I fully understand that several industries are in trouble. A lot of video game companies have faced trouble, Lucasfilm shut down LucasArts! Visual effects companies like Rhythm & Hues (Life of Pi) have gone bankrupt, with the future of VFX possibly lying in cheaper outsourcing. DreamWorks laid off over 350 employees after Rise of the Guardians didn't do well at the box office, and with their new units in India and China, it looks like they may be seeking other ways to produce more than two animated films for release each year.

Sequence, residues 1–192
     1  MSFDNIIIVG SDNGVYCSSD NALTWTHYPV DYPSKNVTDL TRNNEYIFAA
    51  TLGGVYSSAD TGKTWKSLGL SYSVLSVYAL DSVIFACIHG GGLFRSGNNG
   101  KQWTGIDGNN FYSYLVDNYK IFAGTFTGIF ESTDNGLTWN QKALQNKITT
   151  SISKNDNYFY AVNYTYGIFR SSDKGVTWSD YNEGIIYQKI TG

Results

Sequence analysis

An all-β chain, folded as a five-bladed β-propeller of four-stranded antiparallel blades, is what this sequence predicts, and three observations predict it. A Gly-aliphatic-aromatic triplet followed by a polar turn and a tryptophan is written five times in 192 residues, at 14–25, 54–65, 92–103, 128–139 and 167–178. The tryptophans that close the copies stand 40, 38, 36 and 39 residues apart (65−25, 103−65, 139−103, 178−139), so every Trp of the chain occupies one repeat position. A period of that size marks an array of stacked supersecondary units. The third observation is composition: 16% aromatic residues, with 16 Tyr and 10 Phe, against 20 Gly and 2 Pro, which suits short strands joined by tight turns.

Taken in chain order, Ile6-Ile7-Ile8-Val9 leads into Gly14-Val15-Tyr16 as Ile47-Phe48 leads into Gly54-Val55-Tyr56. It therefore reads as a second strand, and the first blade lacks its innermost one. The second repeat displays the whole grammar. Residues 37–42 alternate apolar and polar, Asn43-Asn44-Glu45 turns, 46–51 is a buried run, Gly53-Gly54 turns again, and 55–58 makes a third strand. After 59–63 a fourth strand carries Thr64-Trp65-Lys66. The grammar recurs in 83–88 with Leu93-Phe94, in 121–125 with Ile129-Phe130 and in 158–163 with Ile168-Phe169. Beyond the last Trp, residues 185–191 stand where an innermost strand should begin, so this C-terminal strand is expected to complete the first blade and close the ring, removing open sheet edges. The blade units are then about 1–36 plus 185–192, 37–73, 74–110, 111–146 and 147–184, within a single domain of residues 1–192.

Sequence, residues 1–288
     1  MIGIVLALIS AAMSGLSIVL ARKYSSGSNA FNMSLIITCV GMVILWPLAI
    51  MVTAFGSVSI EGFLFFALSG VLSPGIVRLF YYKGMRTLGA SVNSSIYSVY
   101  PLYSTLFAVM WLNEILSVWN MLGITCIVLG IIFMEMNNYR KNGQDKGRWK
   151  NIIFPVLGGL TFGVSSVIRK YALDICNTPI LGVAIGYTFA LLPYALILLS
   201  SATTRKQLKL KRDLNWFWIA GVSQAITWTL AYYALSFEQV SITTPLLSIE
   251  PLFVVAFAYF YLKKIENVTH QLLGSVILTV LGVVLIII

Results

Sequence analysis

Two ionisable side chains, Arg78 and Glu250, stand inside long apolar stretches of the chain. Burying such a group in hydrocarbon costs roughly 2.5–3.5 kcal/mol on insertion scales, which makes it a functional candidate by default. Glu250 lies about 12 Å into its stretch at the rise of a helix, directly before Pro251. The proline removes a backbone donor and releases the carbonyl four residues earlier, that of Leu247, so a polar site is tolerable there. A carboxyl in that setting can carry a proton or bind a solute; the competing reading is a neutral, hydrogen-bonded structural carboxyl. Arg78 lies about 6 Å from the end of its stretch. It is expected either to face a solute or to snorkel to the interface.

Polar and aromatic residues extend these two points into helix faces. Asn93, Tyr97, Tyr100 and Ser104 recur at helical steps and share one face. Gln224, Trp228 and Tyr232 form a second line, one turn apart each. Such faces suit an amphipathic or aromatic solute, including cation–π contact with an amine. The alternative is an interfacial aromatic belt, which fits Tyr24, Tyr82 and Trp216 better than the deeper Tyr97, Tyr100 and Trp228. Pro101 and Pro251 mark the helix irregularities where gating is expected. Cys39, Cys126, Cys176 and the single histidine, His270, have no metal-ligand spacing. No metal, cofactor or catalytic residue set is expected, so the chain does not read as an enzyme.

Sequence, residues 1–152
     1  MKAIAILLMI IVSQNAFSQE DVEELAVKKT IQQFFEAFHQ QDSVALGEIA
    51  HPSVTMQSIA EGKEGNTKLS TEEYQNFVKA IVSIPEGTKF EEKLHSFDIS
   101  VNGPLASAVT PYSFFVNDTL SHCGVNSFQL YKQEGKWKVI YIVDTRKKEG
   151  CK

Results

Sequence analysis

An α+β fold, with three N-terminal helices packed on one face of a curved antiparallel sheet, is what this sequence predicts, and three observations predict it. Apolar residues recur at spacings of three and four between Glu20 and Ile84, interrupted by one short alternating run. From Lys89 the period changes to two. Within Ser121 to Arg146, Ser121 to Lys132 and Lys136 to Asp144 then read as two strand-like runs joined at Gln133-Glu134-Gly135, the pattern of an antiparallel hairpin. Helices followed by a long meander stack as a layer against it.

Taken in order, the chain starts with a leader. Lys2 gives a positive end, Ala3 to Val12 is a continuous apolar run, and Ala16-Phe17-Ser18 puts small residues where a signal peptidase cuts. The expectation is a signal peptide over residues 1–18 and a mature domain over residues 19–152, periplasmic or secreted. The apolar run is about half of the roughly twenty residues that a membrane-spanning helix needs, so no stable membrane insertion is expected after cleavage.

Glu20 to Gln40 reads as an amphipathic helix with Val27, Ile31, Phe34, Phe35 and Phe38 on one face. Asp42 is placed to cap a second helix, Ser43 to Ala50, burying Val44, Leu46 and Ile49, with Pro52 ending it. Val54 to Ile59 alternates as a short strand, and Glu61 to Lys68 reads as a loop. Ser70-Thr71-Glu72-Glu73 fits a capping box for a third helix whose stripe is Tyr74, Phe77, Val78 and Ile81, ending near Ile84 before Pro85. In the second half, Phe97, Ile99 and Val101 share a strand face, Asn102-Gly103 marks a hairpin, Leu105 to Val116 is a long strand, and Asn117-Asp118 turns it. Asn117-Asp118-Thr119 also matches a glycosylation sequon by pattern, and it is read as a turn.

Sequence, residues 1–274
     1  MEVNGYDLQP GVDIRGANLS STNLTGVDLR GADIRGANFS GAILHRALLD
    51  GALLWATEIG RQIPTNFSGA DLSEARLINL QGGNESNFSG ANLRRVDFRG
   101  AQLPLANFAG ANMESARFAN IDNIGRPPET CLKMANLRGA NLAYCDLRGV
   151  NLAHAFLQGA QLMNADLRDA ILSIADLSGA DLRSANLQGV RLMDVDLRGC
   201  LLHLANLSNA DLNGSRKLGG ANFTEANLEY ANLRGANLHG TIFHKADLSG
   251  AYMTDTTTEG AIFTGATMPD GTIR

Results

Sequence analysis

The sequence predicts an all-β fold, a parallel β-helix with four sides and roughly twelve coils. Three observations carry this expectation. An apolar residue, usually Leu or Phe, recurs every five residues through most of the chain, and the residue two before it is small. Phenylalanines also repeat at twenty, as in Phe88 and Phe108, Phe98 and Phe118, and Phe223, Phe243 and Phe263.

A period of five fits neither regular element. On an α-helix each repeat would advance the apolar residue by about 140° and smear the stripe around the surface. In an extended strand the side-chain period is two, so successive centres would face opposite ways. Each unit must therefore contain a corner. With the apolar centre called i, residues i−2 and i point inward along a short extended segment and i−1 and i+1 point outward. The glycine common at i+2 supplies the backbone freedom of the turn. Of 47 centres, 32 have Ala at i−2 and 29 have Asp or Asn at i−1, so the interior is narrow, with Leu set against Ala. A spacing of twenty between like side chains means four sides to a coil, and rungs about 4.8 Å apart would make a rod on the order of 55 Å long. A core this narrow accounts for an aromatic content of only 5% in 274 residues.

With the layoffs, Disney's release schedule might be affected. We may have to wait every once in a while for their films, rather than a full year. Frozen is apparently close to completion and will of course open in November as planned, with Big Hero 6 to follow in November 2014... But will something be ready for November 2015? Or that year in general? We might have to wait until 2016 to see the studio's 55th animated feature...

I wish the best for the animators who are being let go. I hope they find great success elsewhere. Hopefully these talented folks keep hand-drawn alive outside of Disney in some way while creating or helping create great works at other studios. These are some of the finest animators in the industry, so I hope there's a good future waiting for them...